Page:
B2B art and science collide at marketers’ meeting

CMO study showcases the need to embrace data and collaboration

While the theme of the recent Business Marketing Association (BMA) conference was the aspirational “B2B Rising,” the discussion was decidedly grounded by the operational challenges brought on by a role still in transition.  Last year, the conference focused on the need to face the loss of control in omnichannel marketing.  This year, digital disruption and the need to work differently were givens. 

Columbia University professor David Rogers started the discussion with a forward-looking list of the “seven habits of great B2B marketers:”

  • Use data to solve problems
  • Create beautiful experiences
  • Be ready to experiment
  • Think like a media company
  • Make innovation your story
  • Build platforms, not products
  • Think peer-to-peer, not B2B

Rogers’s themes, particularly taking a more entrepreneurial approach, were echoed throughout the day by speakers from even the biggest and most entrenched companies.

Still, there are operational challenges. Laura Ramos, Vice President & Principal Analyst at Forrester Research, presented a report co-sponsored by the BMA that paints a picture of increased responsibility and influence among the marketing function, but one of limited resources and increased expectations. The result is the need to rethink not just what marketers are trying to accomplish, but how.

“CMOs must turn their attention to the business issues that matter,” says the report, based on research with 117 CMOs. “They need to rethink the marketing strategy over tactics, prioritize collaborative opportunities, strengthen the marketing team, and collaborate with peers about how to put real customer needs front and center.”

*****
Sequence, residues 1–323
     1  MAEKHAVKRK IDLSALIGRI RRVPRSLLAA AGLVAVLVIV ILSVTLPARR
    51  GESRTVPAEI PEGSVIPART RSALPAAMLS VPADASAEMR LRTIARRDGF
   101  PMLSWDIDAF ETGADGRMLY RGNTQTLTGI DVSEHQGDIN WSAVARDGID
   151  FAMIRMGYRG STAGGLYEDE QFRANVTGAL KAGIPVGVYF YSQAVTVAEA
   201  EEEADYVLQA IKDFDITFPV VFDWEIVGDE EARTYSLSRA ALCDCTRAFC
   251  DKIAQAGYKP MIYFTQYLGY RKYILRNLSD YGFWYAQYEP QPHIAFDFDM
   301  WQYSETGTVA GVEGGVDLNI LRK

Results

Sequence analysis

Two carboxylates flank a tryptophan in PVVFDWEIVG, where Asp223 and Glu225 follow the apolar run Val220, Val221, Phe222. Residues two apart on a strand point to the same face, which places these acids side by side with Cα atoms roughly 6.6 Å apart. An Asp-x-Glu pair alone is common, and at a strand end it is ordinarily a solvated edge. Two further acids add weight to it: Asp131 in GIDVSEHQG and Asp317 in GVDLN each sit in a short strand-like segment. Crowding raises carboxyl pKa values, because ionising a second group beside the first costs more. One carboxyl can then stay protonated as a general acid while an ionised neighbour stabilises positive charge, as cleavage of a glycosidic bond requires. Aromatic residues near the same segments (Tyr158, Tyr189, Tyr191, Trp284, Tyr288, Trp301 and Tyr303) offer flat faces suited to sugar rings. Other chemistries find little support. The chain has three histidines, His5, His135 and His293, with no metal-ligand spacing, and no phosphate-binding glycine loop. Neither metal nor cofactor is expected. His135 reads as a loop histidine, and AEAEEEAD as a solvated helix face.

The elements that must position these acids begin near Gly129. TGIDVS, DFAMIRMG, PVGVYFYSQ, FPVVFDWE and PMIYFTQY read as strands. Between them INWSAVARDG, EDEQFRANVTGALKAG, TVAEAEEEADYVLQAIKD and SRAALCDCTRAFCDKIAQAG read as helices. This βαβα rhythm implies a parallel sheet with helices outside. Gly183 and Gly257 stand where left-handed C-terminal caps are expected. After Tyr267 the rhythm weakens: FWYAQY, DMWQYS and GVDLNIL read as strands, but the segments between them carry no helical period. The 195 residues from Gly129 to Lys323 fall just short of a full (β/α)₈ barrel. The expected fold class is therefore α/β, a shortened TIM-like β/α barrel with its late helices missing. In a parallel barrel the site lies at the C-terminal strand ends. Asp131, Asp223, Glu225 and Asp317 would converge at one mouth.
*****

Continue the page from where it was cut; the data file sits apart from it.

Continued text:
To do so, marketers must re-evaluate the skill sets resident in their teams, adding more analytic and technically savvy colleagues, and team with other parts of the organization, most notably with IT. 

“IT underpins customer-obsessed competitive capabilities, and firms like, Best Buy, and IBM use technology to learn continuously about their customers,” the report says. “This means marketing and IT must work closer together to ensure that systems support customer expectations as well as business decision-making.”

The report notes that there is some risk that marketers spending more time with non-traditional partners will steal time spent with agencies and even with their own teams.

As the discussion pressed on, with panels on innovation, creativity, technology and the convergence of media, it became clear that to fulfill Rogers’s prescription marketers need to re-make themselves.  They must be change agents.  They must be technologists.  They must be data analysts.  They must be curators, storytellers and community organizers.  They must bring together the product, the customer journey and the brand experience.

As Accenture’s Katrina Klier said:  “It’s ‘Mad Men’ plus ‘Math Men.’”